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Old 04-10-2012, 10:43 AM   #1
Linux_Kidd
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Q on Find cmd


this is really a newbie Q, but i just cant figure it out.

sles 11.1, fully patched

if i run this why does it spit back the names of the dirs from "." ??
Code:
[host:/logs/syslog #] find . -name log -type f -mtime +20 | xargs ls -al
total 20
drwxr-x--- 5 root root 4096 2012-03-13 13:12 .
drwxr-x--- 6 root root 4096 2012-04-05 13:52 ..
drwxr-x--- 9 root root 4096 2012-03-09 18:09 dir1
drwxr-x--- 5 root root 4096 2012-03-09 16:09 dir2
drwxr-x--- 3 root root 4096 2012-03-13 13:13 dir3
i know i have no files named "log" that are older than 21 days so i dont expect to see files, but why the 3 dirs?

but if i run this i get nothing back (expected)
Code:
find . -name log -type f -mtime +20 -exec ls -al {} \;

Last edited by Linux_Kidd; 04-10-2012 at 10:47 AM.
 
Old 04-10-2012, 10:48 AM   #2
Snark1994
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What happens if you run it without the 'xargs'? I presume they're still listed...
 
Old 04-10-2012, 10:59 AM   #3
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yes.
 
Old 04-11-2012, 09:50 AM   #4
rknichols
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If you have no files named "log", then the find command produces no output and xargs runs the ls command with no non-flag arguments. When you run ls with no arguments it lists the content of the current directory.

You need to run xargs with the "--no-run-if-empty" (short form is "-r") option so that the ls command will not be run at all if there is no output from find.
 
Old 04-11-2012, 04:49 PM   #5
Linux_Kidd
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Quote:
Originally Posted by rknichols View Post
If you have no files named "log", then the find command produces no output and xargs runs the ls command with no non-flag arguments. When you run ls with no arguments it lists the content of the current directory.

You need to run xargs with the "--no-run-if-empty" (short form is "-r") option so that the ls command will not be run at all if there is no output from find.
why is that different than -exec ls -al {} \;
 
Old 04-11-2012, 05:28 PM   #6
suicidaleggroll
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Because -exec is an argument of find that only gets executed on any matching files.

With the "| xargs", this is the equivalent of what you're running:
Code:
files=$(find . -name log -type f -mtime +20)
ls -al $files
Since the find returns nothing, "files" is empty, so your "ls -al $files" is really just "ls -al", which lists everything in the cwd.

With the -exec, this is the equivalent of what you're running:
Code:
files=$(find . -name log -type f -mtime +20)
for file in $files; do ls -al $file; done
Since the find returns nothing, "files" is empty, so ls -al is never even called.

Last edited by suicidaleggroll; 04-11-2012 at 05:31 PM.
 
Old 04-12-2012, 06:54 AM   #7
Snark1994
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Quote:
Originally Posted by rknichols View Post
If you have no files named "log", then the find command produces no output and xargs runs the ls command with no non-flag arguments.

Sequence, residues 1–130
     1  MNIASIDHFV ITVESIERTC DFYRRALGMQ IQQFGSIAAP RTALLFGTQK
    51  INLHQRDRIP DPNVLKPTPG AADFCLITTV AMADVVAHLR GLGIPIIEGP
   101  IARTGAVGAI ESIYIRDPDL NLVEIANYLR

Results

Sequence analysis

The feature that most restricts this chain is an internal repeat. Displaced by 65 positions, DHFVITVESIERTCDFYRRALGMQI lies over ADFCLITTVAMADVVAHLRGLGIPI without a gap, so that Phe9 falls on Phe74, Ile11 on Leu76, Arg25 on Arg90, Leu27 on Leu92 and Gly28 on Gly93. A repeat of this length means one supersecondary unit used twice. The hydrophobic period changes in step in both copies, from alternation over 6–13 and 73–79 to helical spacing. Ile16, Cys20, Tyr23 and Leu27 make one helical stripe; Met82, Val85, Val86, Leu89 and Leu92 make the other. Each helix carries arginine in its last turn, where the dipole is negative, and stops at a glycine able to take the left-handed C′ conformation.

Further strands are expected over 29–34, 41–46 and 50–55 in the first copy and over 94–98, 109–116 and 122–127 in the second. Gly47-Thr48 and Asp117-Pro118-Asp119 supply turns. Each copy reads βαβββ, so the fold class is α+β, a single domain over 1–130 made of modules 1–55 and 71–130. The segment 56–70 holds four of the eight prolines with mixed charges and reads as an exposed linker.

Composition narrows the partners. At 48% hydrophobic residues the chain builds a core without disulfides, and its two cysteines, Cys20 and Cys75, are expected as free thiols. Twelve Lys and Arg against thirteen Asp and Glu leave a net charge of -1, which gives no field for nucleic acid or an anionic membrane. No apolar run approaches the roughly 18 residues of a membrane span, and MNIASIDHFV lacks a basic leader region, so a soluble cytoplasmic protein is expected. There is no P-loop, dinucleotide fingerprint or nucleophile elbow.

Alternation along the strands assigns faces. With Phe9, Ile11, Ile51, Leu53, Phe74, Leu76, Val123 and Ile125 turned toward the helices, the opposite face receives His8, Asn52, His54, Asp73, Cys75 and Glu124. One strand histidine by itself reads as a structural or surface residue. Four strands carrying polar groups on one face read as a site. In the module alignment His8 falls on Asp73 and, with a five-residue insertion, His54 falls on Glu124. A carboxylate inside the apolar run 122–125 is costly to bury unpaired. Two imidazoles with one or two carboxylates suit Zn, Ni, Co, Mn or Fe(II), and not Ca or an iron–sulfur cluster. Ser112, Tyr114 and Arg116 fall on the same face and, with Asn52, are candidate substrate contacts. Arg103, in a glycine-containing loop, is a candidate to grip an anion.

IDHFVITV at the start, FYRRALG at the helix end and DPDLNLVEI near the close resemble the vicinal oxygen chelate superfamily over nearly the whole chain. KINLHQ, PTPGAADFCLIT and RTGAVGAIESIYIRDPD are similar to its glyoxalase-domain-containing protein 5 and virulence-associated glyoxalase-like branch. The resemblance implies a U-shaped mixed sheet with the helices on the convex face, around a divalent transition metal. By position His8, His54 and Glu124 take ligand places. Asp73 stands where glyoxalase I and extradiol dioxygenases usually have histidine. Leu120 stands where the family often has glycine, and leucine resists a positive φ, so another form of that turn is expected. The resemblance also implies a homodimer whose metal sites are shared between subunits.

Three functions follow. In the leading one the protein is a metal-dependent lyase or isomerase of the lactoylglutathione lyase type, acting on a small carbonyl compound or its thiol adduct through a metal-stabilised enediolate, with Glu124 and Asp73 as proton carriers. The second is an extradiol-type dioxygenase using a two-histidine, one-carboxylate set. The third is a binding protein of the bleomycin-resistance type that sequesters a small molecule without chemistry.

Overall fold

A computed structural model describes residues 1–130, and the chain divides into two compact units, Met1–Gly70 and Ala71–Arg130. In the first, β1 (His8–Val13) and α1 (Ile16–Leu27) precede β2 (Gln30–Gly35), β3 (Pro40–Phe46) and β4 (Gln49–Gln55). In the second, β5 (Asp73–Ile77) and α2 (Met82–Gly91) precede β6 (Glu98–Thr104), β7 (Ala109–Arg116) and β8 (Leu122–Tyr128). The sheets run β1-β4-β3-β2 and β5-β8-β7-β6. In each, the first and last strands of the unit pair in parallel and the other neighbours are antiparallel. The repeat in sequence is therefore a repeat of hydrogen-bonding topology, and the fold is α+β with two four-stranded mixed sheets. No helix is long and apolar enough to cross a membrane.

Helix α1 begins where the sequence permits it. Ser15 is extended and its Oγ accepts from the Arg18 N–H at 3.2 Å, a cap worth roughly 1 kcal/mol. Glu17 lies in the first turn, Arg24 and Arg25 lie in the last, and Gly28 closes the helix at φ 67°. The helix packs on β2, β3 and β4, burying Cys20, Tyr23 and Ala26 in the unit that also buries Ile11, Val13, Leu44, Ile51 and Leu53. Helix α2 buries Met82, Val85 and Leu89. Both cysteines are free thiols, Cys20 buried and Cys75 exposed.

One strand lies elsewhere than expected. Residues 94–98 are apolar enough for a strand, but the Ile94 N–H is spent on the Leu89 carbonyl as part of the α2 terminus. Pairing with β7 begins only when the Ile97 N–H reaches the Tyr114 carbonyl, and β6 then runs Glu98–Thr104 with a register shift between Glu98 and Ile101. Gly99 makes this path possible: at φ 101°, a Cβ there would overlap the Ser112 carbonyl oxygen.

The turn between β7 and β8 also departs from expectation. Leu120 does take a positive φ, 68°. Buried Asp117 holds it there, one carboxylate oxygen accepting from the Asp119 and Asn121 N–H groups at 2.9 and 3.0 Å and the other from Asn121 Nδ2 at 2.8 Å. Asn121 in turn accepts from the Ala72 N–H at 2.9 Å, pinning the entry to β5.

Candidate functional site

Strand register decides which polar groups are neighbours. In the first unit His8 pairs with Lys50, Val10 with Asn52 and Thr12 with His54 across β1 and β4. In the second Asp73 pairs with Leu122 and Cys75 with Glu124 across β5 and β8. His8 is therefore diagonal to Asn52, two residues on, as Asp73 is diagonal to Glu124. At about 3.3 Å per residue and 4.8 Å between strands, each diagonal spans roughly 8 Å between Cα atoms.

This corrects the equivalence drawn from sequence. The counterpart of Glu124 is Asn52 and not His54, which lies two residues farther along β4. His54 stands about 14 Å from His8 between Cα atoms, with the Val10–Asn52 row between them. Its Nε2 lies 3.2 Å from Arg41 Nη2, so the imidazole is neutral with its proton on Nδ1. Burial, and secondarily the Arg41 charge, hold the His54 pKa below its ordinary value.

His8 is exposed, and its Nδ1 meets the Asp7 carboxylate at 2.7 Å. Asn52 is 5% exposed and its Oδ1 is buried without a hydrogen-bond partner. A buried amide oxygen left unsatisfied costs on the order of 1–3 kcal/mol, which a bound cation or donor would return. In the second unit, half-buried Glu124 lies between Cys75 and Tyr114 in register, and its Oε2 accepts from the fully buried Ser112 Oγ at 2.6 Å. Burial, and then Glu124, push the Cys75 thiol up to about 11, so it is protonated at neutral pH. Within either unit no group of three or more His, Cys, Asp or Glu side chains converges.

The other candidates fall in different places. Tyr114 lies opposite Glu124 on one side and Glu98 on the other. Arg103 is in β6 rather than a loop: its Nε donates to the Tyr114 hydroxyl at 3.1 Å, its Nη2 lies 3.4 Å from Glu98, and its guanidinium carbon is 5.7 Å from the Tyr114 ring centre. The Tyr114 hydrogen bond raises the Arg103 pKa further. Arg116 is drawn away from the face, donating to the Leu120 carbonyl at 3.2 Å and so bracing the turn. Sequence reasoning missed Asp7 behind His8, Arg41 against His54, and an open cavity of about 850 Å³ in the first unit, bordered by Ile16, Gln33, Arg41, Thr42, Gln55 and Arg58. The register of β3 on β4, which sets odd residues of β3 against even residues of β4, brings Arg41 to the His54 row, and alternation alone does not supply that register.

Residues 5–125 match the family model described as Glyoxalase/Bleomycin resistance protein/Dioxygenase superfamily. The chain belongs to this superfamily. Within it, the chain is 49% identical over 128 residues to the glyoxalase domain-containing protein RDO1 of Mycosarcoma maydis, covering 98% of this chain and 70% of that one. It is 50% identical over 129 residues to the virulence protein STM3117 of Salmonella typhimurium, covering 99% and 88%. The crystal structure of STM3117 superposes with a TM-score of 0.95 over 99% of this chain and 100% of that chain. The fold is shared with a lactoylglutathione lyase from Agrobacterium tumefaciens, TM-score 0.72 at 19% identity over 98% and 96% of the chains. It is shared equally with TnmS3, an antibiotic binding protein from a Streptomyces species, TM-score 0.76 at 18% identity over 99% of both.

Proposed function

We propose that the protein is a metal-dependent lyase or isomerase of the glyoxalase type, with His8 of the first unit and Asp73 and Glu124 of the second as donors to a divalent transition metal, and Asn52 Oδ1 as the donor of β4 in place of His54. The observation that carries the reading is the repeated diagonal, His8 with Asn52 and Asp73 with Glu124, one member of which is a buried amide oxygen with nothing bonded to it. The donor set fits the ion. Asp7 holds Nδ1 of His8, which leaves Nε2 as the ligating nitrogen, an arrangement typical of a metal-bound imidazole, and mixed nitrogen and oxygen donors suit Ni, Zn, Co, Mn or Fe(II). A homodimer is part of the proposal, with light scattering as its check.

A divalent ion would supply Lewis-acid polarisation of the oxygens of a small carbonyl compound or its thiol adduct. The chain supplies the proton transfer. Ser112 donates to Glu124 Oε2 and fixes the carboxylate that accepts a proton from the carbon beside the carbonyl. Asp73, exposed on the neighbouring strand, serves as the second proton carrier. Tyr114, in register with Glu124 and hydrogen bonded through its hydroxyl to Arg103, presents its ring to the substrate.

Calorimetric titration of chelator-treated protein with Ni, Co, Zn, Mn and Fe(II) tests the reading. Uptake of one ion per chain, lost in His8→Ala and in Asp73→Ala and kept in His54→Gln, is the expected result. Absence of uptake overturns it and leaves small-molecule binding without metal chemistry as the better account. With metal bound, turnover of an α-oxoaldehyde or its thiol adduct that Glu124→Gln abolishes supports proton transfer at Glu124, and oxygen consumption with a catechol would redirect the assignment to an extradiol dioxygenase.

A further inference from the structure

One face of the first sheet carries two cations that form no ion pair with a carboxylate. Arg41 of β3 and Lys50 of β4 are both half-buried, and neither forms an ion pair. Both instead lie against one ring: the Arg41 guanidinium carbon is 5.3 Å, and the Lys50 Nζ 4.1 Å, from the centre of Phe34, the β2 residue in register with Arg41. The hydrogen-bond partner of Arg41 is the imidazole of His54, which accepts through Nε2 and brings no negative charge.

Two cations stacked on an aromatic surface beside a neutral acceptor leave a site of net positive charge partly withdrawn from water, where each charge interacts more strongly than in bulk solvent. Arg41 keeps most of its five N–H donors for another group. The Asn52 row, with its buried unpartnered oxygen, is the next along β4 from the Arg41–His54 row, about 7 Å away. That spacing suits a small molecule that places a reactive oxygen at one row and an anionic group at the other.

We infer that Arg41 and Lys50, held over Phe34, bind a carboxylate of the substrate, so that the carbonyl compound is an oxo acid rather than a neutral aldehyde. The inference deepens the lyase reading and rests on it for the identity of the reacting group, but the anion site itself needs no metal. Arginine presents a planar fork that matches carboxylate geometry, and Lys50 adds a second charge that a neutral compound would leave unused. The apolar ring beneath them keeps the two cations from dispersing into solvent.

@Linux_Kidd, I thought you said they were listed if you ran it without piping it to the 'xargs ls -al' part of the command? Obviously a communication error at some point between us...
 
Old 04-12-2012, 03:18 PM   #8
Linux_Kidd
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Quote:
Originally Posted by Snark1994 View Post
@Linux_Kidd, I thought you said they were listed if you ran it without piping it to the 'xargs ls -al' part of the command? Obviously a communication error at some point between us...
dirs are listed when using pipe to xargs when no log files found.
dirs are not listed when using -exec and no log files found.

i had read some info about how using -exec causes a certain type of forking which slows down a search of such, but using xargs can be better for less forking. however, the side affects are obvious as shown.
 
Old 04-12-2012, 08:12 PM   #9
rknichols
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Quote:
Originally Posted by Linux_Kidd View Post
i had read some info about how using -exec causes a certain type of forking which slows down a search of such, but using xargs can be better for less forking.
When you use "-exec" this way:
Code:
find ... -exec ls {} ;
the ls command is invoked separately for each name that matches the find expression. If there were 1000 matches, find would fork and exec ls 1000 times. Another side effect would be that each invocation of ls would see only one name, so the overall output would not be sorted unless, by sheer coincidence, the names happened to appear in the directory in their collating sequence.

Reasonably recent versions of find can be told that commands invoked by "-exec" can accept multiple arguments. The syntax is:
Code:
find ... -exec ls {} +
That tells find to pack as many arguments as possible into each invocation of ls, which is the same as what xargs would do. That greatly reduces the number of fork/exec calls, and allows ls to do its normal sorting. Of course if the argument list would be too long, there would be more than one invocation of ls and the output would only be sorted within each group. The maximum length of the argument list is defined in /usr/include/linux/limits.h, which on my system has:
Code:
#define ARG_MAX 131072  /* # bytes of args + environ for exec() */
xargs would be subject to the same limitation, but you could achieve an overall sort of even a very large list by sorting the output from find before xargs sees it:
Code:
find ... | sort | xargs ls
That is something you could not do for "-exec".
 
  


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